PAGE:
Hemingway called his dad, a medical doctor, “my old man.”

During my childhood, when Hemingway was still a living Nobel Prize-winning writer, it seemed just about every boy called his dad “my old man.” It sounded neat, and we all wanted to be neat.

So, was it a Hemingway influence? Perhaps, but if I remember correctly, most lads also referred to any male in authority then as “the old man.” 

In the military, the commander is always known as “the old man.” Example: “Better do what the old man says or end up in the brig.”

On Sunday June 16, we can give our dads — our “old men” — an official and deserved pat on the back. We also can give the special day a thumb’s up. This year, Father’s Day, as an official U.S. observance, will turn 100 years old.

In the big scheme of things, fathers are not up there on the same plane as mothers. Moms are truly special. We can hug and kiss our moms. We can unload on them our heart-breaking problems. 

With dads, it’s a handshake or a hug, at most, with a question like, “Will the Braves beat the Brewers tonight?” We rarely mention any personal troubles, especially those involving feelings, or seek emotional advice. 

Men don’t like all that touchy-feely stuff, the personal inquiries, especially when others are around listening or watching. 

Dads teach their sons and daughters to stand firm and strong, to speak up, to look people in the eye. If it involves punishment, take it like a man. The first one who blinks is the one who loses. 

Yes, dads are always saying, while moms are always doing and listening. Dads tell us to get our act together. Moms hug us to let us know mercy is in order when we mess up. 

Ready for a weird fact? It was President Nixon, yes, old “Tricky Dick” himself, who made Father’s Day a federal holiday in 1972. The old boy did something right, and since then the special day has been in full swing.

Nixon could have been a great father to our nation, like he was to his two daughters, but his paranoia   and nasty tricks turned him into just another leader who did not rise to the occasion. 

My late father, George Hamilton Morris, was named for two great men, perhaps in the hope he would attain greatness. In some ways he did, but dad clocked out way too early. He died of cancer at the young age of 52 in 1970.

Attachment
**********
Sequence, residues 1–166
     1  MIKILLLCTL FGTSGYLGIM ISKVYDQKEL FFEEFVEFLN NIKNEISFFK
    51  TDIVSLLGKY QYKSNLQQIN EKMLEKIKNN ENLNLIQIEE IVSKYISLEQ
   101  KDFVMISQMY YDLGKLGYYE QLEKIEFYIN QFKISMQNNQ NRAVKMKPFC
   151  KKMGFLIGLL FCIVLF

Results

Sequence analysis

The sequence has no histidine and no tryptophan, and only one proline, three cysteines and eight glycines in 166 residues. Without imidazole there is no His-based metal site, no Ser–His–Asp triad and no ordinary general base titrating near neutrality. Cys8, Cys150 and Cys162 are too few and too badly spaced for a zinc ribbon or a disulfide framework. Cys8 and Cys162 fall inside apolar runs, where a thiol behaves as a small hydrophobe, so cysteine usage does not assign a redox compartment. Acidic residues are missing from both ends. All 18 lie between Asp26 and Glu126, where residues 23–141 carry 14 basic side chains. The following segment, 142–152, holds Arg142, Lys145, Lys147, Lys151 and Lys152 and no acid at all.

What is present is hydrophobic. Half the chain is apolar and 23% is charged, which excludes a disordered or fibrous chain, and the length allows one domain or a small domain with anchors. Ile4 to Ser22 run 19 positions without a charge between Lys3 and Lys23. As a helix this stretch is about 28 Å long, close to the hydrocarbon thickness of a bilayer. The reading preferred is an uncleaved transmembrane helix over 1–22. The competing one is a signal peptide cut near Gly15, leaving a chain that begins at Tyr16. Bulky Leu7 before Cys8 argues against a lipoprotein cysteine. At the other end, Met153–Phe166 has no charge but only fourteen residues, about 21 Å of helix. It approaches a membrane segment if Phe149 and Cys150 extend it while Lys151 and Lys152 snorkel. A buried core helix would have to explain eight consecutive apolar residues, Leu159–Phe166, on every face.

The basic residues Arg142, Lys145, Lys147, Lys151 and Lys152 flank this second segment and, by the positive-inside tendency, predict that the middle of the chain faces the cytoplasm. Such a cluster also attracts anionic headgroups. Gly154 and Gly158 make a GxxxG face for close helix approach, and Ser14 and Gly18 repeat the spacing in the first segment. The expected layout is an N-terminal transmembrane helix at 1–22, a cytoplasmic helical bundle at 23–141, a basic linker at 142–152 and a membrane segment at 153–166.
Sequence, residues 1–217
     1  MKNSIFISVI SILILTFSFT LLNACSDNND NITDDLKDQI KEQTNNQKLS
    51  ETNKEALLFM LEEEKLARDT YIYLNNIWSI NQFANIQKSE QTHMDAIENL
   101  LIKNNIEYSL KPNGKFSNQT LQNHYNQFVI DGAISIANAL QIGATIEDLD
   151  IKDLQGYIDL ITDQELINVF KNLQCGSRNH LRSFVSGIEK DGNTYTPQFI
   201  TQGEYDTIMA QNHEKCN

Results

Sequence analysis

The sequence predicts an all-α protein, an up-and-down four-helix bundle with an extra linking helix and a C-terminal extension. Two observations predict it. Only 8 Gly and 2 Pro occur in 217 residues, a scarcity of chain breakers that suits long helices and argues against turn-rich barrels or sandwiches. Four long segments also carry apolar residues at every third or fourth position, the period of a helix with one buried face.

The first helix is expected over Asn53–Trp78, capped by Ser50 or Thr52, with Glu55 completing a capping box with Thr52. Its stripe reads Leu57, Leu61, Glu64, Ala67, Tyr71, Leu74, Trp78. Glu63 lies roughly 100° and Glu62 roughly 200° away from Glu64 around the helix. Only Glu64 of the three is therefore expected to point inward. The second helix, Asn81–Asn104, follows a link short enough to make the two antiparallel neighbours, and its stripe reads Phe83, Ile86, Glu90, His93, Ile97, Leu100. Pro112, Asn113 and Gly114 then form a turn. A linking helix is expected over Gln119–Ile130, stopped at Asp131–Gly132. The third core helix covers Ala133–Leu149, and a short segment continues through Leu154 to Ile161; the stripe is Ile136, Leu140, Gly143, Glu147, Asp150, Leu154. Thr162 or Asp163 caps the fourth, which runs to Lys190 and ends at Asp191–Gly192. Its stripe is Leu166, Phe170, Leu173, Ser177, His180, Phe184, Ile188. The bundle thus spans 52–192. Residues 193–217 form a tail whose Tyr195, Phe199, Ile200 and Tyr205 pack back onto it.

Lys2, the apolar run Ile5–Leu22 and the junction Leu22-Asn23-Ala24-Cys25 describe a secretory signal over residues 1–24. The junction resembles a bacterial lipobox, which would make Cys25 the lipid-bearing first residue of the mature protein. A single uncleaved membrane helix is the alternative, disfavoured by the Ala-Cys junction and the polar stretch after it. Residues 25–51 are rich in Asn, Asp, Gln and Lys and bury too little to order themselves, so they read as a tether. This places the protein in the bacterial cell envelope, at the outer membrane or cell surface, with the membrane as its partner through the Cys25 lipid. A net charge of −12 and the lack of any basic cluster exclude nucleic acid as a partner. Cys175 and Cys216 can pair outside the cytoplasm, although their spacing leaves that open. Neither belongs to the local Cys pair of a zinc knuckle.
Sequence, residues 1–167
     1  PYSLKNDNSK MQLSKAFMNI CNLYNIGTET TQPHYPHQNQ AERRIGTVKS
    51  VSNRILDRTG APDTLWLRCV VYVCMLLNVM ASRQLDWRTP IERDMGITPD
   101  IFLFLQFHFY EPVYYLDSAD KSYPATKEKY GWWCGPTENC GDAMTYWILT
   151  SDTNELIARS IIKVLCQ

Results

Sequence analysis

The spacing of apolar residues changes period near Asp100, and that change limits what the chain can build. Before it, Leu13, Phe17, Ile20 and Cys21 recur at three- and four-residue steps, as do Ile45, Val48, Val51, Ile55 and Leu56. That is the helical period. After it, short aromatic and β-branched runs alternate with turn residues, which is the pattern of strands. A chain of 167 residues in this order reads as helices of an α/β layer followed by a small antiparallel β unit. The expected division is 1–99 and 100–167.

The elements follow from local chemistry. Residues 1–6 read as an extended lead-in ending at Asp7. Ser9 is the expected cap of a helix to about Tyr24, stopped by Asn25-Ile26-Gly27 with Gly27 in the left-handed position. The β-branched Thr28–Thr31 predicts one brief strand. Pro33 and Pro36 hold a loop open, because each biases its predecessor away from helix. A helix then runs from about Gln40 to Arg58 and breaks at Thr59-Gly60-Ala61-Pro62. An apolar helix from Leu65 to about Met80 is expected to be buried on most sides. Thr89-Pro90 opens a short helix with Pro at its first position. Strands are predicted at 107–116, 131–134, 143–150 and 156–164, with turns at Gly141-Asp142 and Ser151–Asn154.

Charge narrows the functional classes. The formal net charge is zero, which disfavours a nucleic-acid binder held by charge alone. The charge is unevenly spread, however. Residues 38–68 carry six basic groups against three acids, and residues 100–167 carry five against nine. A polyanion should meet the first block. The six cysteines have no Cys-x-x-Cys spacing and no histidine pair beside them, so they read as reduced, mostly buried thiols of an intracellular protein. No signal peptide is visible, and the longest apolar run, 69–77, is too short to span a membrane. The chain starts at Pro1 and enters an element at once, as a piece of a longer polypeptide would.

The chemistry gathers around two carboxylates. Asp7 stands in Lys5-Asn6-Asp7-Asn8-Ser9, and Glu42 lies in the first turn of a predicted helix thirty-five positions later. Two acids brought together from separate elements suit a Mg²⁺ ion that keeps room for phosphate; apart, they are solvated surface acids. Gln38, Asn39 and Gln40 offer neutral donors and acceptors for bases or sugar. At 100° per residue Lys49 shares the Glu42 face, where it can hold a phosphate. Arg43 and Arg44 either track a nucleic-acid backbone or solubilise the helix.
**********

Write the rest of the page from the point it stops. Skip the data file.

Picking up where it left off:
Over the years, I have missed him. He was a dad who loved to read, ride his boat on the backwaters and dance. After his death, so many of his friends told me dad was a great dancer. 

“Man, your daddy could dance, I mean really dance,” one of his close buddies whispered to me as they lowered dad into the ground.

During the great World War II, dad enlisted in the Navy and did his duty fighting back the Japanese while serving aboard an aircraft carrier in the South Pacific.

My mom said he came home from the war a changed person. He left as a youth and returned as a man.

Dad didn’t like to give advice to three totally wild boys, but when he did it was always words for us to ponder and then to follow. 

I still use today two important things he taught me. First, how to securely tie a rope. And, how to make a bed.

I apply his rope trick to my lace-up shoes that never come untied. And I can bounce a quarter on any bed after I make it.

One other important thing he taught: Take it like a man. No whining, no sobbing, no running away.

Like actor Tom Hanks said in one of his movies, “There’s no crying in baseball.” To dad, there was no crying in any aspect of life, including games. I tried not to cry at his funeral, but I failed. 

If your dad is still with you, give thanks for him on Father’s Day. If he is a good man — and most are — try to be like him. 

Ralph Morris is a retired newspaperman who lives near Auburn. His email is r.morris@ctvea.net.

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